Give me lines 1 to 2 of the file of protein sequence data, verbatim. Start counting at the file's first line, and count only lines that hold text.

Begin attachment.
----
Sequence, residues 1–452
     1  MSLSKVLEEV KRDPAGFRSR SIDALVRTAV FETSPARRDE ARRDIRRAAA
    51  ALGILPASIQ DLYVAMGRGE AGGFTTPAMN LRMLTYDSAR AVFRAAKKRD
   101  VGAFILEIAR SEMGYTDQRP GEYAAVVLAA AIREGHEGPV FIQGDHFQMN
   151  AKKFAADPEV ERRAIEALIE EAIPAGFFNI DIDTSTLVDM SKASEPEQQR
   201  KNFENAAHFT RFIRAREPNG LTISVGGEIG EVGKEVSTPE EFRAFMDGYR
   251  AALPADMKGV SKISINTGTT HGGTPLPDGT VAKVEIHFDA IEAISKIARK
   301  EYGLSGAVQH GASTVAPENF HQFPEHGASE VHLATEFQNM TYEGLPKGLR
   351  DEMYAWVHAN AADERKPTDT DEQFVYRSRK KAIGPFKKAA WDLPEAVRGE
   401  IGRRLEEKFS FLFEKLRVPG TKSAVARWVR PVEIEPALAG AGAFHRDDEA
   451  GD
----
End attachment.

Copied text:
Sequence, residues 1–452
     1  MSLSKVLEEV KRDPAGFRSR SIDALVRTAV FETSPARRDE ARRDIRRAAA